We inhabit a world fortified by Caffeine Nazis where non-conformists are criminated. They look at you with vitriolic surprise and disdain mocking at your refusal to not grow up into drinkers of mature and socially obligatory drinks. They doubt whether you’ve really grown up or not. You are offered childish Frooti in condescension accompanied my guffaws, smirks, weird looks and other dramatic expressions. When I say I don’t drink tea at all, “You mean never?”, they sputter. I say, “Green tea, sometimes.” They breathe a sigh of relief.
It is a truth universally acknowledged that there is an absurdity in conformity as well as individuality. A tea drinker invites health problems and a non-tea drinker is stigmatized as a social out caste. Whether a tea drinker or not, you are in any case harming yourself, physically or socially.
I speak on behalf of those who don’t have the “lovely cuppa” in a tea-centric nation like India where tea is the national drink. I find myself confronting socially awkward situations where people sit in a circle to talk over cups of tea where I am the odd one. The ‘circle’ of tea drinkers is politely dismissive of those who don’t take tea. But if you don’t take tea, then can there be a conversation even possible? Why would the peon ask me millionth time, “chai peeni”? Maybe she doesn’t know how to fill the tea void, or else she’s waiting for some spirit to enter me and cause some kind of “hridya parivartan” towards the ecstatic realization of the social importance of caffeinism. One must bear in mind that reading and not drinking are explicitly anti-social activities. If you indulge in any of these daring indoor ventures, you are surely not welcome to be part of the club and would be labeled as unfriendly or rude.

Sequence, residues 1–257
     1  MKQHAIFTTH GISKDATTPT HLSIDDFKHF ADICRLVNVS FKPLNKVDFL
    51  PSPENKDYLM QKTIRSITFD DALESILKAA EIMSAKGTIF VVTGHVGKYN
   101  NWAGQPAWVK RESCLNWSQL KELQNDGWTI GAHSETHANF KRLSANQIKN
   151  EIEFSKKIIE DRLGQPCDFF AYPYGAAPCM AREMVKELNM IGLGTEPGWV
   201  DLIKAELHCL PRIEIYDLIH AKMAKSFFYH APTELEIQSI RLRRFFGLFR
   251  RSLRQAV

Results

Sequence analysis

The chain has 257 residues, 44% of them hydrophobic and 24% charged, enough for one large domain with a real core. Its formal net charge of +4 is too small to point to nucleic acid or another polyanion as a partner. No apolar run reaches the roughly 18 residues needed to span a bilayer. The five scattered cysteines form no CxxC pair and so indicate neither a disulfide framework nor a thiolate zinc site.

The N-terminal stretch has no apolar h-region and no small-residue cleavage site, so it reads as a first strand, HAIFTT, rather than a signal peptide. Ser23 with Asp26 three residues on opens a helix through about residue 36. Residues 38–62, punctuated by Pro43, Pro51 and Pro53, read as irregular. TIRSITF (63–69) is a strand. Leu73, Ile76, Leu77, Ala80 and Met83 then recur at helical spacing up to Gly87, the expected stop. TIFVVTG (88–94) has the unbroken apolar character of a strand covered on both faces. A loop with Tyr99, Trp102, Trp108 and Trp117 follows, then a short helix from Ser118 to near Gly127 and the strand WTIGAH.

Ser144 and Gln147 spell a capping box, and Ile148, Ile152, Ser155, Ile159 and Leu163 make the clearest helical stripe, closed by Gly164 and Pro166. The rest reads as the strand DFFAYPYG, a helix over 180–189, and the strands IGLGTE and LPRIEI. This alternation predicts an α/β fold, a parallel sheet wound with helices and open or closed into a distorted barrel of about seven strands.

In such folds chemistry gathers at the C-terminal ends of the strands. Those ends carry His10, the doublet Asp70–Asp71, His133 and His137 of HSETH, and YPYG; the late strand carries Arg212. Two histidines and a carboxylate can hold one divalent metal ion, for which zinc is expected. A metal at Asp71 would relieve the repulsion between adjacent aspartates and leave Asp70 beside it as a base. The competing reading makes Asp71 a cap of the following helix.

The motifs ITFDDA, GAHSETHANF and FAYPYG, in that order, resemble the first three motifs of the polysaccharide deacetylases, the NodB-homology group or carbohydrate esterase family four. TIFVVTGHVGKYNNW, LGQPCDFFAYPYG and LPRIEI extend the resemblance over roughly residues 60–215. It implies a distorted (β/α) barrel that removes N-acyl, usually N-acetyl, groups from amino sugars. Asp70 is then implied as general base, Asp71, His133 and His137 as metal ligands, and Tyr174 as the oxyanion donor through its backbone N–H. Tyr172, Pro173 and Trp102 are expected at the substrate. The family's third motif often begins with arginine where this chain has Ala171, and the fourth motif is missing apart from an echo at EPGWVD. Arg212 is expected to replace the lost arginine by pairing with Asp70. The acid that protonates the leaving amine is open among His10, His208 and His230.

For those who take tea, the problems are directly related to physical well-being. Sweetened milk teas are known to be hunger suppressant and are dangerously responsible for insulin spike in blood sugar level that invites other ailments. Also, caffeine is a substance directly related to addiction. The cravings that people have for tea reminds us of drug addicts. The presence of caffeine in tea makes it addictive. Tea is no less than a drug for many, which they ‘need’ when they wake up, after a meal, after a bath, when the are sad, depressed, overworked and the list goes on. A day without tea is unimaginable for a few. Tea provides them with the necessary kick to go on with their daily lives. Too many cups of tea a day can also cause dehydration, restlessness, anxiety, bloating and nutrient deficiency. Sometimes I am also congratulated for the fact that I have been successful in taming the caffeine and this makes me a strong-willed person in the eyes of the tea addicts.
It is an accepted fact that there’s an element of psychological comfort associated with most rituals. Tea drinking rituals are socially sanctioned, celebrated, accepted and institutionalized. So, to tea or not to tea that is the dharma sankat. What Chelsea Fagan the founder of “The Financial Diet” says about tea vs coffee people can to some extent be applied in case of tea drinkers vs teatotallers, “Because there is no such thing as middle ground. You are either decidedly one or the other, and if you hang on the fence to avoid the revolution, you will be cast into the pits of rabid dogs along with those heathens, the Hot Cocoa People”. So, you are left with just one option: make a choice and brave the consequences. But trust me, once you make your choice clear and the preferences are put in black and white, they have no other option but to accept it.
About the Author
Dr. Sapna Dogra completed her B.A and M.A. in English Literature from University of Delhi. She holds a PhD from Jawaharlal Nehru University and is presently working as an Assistant Professor in the Department of English in Government College Baroh, Himachal Pradesh. She has over ten years of teaching experience. Her research articles, book reviews and translations have been published in reputed journals and magazines. She has also developed school level books. Her research interests include Folklore Studies, Translation Studies, Indian English Writing, Hindi Literature and Popular Literature. She can be reached at firstname.lastname@example.org